Horizon Europe Data Management Plan from an Ethics Perspective

Introduction

Innovative, interdisciplinary R&D projects produce large amounts of research information. Depending on the nature of the project, its scope and research objectives, the information used or created during the project lifecycle may include personal data. While the management of research information in general pertains to the Open Research Data Guidance policies and usually means the obligation to adhere to the so-called FAIR principles, the focus of this text is on the Data Management Plan from an ethics perspective – that is – as a privacy and data protection requirement that is all about how personal data is processed for research purposes.

Horizon Europe Data Management Plan – describing the lifecycle of personal data

The data processed during the project realization might affect many natural persons. Also, there are various categories of data that might be processed including special categories of personal data. To satisfy legislative and ethics requirements, innovative research projects must be realized in accordance with national, international laws and the specific sources of regulation applicable to the project including the rules concerning data processing. While some projects like CYRENE, IOT-NGIN and MARVEL do not deal directly with special categories of personal data and only process personal data in terms of contact information for event organisation, other projects use personal data to deliver research results in a more direct way. These are usually health-related, cybercrime-related or projects involving anthropological or longitudinal studies. In Privanova’s current portfolio examples are DigiCare4You, AI4HealthSec, FACILITATE, CC-DRIVER or TRACE.

All these research initiatives are funded under different programmes by the EU and thus must be compliant with specific legal and ethical requirements concerning data processing. Especially with the updated Ethics Appraisal Process in Horizon Europe, these requirements may impose the need for the development of a project Data Management Plan (DMP).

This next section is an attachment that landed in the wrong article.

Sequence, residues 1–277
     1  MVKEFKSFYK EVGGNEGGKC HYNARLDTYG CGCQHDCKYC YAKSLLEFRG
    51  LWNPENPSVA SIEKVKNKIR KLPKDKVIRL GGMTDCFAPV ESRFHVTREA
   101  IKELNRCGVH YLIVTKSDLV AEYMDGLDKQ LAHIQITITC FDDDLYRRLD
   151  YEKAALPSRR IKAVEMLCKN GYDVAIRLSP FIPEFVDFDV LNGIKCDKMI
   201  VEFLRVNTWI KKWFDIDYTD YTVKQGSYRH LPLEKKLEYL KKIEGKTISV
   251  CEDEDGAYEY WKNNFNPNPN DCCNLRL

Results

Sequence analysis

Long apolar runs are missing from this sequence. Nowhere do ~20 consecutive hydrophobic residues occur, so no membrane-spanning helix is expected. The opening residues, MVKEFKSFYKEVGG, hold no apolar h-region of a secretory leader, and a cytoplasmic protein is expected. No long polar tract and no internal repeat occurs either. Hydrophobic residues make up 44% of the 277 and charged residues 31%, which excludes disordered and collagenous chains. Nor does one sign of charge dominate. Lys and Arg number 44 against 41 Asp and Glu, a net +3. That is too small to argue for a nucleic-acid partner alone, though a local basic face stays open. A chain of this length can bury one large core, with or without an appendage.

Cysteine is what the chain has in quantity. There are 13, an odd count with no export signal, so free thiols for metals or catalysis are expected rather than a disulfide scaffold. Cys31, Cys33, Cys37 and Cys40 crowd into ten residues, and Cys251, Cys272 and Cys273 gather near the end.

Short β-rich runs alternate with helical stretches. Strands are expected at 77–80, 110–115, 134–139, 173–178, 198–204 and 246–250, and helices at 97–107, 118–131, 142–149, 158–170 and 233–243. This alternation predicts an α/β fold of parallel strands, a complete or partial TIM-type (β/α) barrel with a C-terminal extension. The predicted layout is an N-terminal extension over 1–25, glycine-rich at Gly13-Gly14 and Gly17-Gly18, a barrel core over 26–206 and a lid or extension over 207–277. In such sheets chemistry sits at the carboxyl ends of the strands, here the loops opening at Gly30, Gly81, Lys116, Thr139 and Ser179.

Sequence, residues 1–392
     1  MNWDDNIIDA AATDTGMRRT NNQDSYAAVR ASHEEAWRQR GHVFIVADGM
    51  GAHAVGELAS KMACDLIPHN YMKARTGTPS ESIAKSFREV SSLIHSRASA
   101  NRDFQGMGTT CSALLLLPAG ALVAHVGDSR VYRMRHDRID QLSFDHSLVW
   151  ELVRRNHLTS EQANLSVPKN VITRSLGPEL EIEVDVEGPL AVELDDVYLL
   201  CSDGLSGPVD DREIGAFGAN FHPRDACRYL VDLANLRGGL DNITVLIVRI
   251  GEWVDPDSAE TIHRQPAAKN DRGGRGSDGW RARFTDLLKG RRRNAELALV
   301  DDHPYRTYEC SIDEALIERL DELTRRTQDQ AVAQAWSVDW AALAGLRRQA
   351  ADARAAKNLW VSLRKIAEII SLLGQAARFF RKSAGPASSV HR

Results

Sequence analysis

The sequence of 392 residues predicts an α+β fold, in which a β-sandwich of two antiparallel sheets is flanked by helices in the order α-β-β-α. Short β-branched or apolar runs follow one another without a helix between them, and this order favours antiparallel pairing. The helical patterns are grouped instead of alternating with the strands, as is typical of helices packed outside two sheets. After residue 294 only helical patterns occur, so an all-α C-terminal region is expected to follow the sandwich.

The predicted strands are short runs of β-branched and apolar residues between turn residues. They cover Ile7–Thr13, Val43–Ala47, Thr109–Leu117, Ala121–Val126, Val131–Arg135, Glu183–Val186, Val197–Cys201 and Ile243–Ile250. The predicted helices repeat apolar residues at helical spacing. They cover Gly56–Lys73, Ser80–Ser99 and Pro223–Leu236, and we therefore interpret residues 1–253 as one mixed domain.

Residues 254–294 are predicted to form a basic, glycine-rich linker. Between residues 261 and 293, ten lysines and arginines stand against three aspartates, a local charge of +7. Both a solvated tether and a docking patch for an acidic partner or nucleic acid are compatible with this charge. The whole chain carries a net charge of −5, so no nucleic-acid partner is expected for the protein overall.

All project partners should align their data processing activities with the DMP. Relevant guidelines about the DMP specify the structure of the plan and content – what data a project will generate, what data will be publicly available, what data should stay confidential, whether and how it will be exploited or made accessible for verification and re-use, and how it will be curated and preserved. Of importance is that open access to research data does not necessarily mean opening all research data. Thus, the underlying principle for DMP in the projects is ‘as open as possible, as closed as necessary’. The focus is on encouraging sound data management as an essential part of research best practices.

Horizon Europe Data Management Plan – purpose and importance

The DMP has a significant role in the compliant realization of project activities and deployment of the results. Also, there are many other benefits of good data management, i.e., it ensures that research data are of high quality, well organized, documented, preserved, accessible and valid. This should result in efficient and excelling research. Well-managed data are easily shared and can thus be used for new research or to duplicate and validate existing research.

The DMP is a living document, and it is expected to be developed during the whole lifecycle of the project development. Researchers should consider data processing perspectives from the very beginning of the research cycle. This requirement exactly creates the need for and explains the purpose of the DMP.